Goodall visits College for MDG

by Drew Joseph | 11/12/08 4:09am

World-renowned primatologist Jane Goodall addresses an overflowing crowd Tuesday with her speech on inspiration in the face of suffering.
by Jon Erdman / The Dartmouth

Goodall's speech, part of the Dickey Center for International Understanding's Great Issues lecture series and the College's Millennium Development Goals Week, was projected to audiences in four overflow rooms across campus.

Goodall -- who has seen the population of wild chimpanzees decrease from over one million in 1960, when she first went to work in Africa, to approximately 300,000 now -- told the story of a man who jumped over a barrier to save a drowning chimpanzee at the Detroit Zoo despite the risk of attack by the other chimps. When he looked into the eyes of the chimp, the rescuer said, it was like looking into the eyes of a man begging, "Won't anyone help me?"

"It's a look that when we see it and we feel it in our hearts, we have to jump in and help," Goodall said.

Goodall said the power of the human brain and the resiliency of nature allow her to remain hopeful even after seeing firsthand the detrimental effects of overpopulation, starvation, poverty, ethnic violence and globalization in Africa.

"If you think there's nothing we can do about it, that's wrong," she said.

She added that she is further inspired by the enthusiasm of young people. In 1991, Goodall started a youth community service program, Roots and Shoots, as part of the Jane Goodall Institute to inform and empower the world's youth to help people, animals and the environment, she said.

"I haven't met one problem where there wasn't a group of passionate people ... who were trying to make that problem right," Goodall said.

Members of the JGI hope to start a Roots and Shoots group to Dartmouth, John Trybus, Goodall's international tour coordinator, said in an interview with The Dartmouth before the speech.

Goodall also discussed the importance of motherhood as she highlighted the support she received from her own mother. Her late mother supported her dreams of going to Africa to study animals when everyone else laughed at her, Goodall said.

"Everything that I've done in life that I'm a little bit proud of, I can attribute to her," Goodall said.

When Goodall was hired by archaeologist Louis Leakey to study chimpanzees in Tanganyika -- the area that is now Tanzania -- the British government, who controlled the area, did not approve of the young British girl going into the African wilderness by herself. Goodall's mother left England to escort her daughter to the shores of Lake Tanganyika, Goodall said.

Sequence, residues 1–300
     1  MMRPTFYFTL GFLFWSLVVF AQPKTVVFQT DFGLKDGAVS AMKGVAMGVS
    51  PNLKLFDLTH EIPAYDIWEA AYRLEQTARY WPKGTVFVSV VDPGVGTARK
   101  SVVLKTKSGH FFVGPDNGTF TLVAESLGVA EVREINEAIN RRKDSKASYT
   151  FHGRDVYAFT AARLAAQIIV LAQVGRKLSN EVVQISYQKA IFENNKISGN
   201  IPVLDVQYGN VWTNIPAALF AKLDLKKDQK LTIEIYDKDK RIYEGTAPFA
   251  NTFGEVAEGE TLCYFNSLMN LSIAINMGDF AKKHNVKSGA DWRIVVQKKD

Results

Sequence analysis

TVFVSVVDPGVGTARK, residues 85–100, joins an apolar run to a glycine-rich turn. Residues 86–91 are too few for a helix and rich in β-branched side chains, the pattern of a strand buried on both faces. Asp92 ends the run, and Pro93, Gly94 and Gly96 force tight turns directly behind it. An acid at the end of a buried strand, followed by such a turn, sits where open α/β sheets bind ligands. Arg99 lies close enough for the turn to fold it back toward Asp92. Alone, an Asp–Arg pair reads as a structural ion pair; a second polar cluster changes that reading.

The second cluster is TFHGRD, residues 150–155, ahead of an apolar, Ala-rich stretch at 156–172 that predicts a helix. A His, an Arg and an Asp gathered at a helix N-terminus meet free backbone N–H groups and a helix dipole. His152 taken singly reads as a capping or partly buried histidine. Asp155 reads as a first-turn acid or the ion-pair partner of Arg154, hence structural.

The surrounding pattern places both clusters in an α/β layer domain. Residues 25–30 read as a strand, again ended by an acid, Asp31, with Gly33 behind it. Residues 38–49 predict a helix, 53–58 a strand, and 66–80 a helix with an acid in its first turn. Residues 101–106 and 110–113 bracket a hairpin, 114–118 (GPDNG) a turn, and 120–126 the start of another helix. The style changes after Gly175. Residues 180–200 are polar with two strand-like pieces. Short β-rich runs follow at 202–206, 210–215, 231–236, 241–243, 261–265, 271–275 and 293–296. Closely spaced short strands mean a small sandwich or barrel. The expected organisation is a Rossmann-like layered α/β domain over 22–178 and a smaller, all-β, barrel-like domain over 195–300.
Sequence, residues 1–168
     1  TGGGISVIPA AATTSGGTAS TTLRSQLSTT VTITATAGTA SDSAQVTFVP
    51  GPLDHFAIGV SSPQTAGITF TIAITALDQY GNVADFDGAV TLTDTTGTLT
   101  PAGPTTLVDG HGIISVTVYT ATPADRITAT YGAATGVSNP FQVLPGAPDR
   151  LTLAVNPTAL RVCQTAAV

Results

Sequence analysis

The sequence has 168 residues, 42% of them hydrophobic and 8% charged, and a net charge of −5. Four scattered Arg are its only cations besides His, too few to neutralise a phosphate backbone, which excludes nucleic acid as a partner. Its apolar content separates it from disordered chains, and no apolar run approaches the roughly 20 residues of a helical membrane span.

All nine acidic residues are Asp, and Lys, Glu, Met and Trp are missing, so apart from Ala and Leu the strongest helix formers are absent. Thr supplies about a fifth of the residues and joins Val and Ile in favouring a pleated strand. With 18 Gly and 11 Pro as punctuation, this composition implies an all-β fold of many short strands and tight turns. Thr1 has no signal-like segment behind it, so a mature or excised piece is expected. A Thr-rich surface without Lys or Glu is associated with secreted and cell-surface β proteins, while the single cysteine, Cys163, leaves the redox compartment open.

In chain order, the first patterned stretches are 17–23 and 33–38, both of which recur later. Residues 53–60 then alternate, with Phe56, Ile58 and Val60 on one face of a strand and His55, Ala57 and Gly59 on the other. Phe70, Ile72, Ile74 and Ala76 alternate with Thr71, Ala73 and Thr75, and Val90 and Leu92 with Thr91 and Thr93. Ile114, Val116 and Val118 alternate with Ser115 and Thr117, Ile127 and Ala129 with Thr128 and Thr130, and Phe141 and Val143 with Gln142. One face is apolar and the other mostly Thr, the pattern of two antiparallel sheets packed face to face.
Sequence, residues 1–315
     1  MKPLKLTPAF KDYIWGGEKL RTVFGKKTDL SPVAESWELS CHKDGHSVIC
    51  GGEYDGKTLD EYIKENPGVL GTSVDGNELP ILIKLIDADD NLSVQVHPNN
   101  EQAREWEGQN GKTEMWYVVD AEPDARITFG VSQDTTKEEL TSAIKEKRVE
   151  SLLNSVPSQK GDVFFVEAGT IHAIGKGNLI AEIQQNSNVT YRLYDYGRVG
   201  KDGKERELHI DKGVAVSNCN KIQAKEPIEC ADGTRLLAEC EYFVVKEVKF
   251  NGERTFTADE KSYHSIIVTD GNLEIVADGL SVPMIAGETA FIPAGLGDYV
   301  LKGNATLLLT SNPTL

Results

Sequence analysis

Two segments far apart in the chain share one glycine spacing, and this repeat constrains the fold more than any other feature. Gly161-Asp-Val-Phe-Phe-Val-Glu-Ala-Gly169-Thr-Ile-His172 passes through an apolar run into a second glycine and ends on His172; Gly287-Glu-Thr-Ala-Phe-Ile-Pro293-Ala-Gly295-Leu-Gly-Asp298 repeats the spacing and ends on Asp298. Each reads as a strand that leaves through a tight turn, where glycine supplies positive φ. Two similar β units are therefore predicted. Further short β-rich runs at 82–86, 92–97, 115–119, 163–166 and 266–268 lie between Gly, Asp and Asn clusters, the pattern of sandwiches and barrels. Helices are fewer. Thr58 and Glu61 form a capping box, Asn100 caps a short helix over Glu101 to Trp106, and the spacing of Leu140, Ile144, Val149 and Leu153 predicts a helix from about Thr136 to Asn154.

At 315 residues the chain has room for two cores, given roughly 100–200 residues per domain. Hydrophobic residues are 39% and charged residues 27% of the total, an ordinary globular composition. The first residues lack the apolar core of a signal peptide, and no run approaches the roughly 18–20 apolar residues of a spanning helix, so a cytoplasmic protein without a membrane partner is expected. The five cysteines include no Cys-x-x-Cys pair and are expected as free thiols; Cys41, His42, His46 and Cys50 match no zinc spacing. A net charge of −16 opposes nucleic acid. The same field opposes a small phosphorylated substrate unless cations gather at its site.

Good and bad mothers also exist within the chimpanzee world, according to Goodall. Offspring of the good mothers go on to be leaders and have more offspring than other chimps, Goodall said.

"The good mothers are protective but not overprotective," Goodall explained. "The bad mothers are much less protective and above all much less supportive."

Leakey sent Goodall to study the customs of chimpanzees, with whom humans share 98.6 percent of DNA, wondering if chimpanzee behavior might mirror how the earliest humans lived, according to Goodall. Goodall's breakthrough came when she saw the chimp David Greybeard -- Goodall named the chimpanzees instead of giving them numbers -- using grass and twigs to draw termites out of their mounds.

Until that point, it was thought that only humans used and made tools, Goodall said.

"Now we must redefine man, redefine tool or accept chimpanzees as humans," Leakey said in response to her discovery, according to Goodall.

After her initial research in Tanzania, Goodall, who had not gone to college, went to Cambridge University to earn her Ph.D, she said. Many scientists told Goodall that she had incorrectly collected her data because she named chimpanzees and observed that each chimp had emotions and an individual personality. At the time, most researchers thought that only humans had personalities, according to Goodall, but she had known since she was a child that animals had personality because of her personal relationship with her dog Rusty, she said.

Eventually, research with other animals corroborated her hypothesis that animals do more than just respond to stimuli, Goodall said, showing that the line that distinguishes people from animals is not as clear as humans once thought.

"It's a blurry line, and it's getting blurrier all the time," Goodall said.

Goodall's optimism, despite her exposure to distress, is inspiring, according to Bill Obenshain '62Tu'63, who started the endowment that funded Goodall's lecture.

"She crosses so many different issues, whether it's protection of species, whether it's climate change," Obenshain said. "These are all global issues."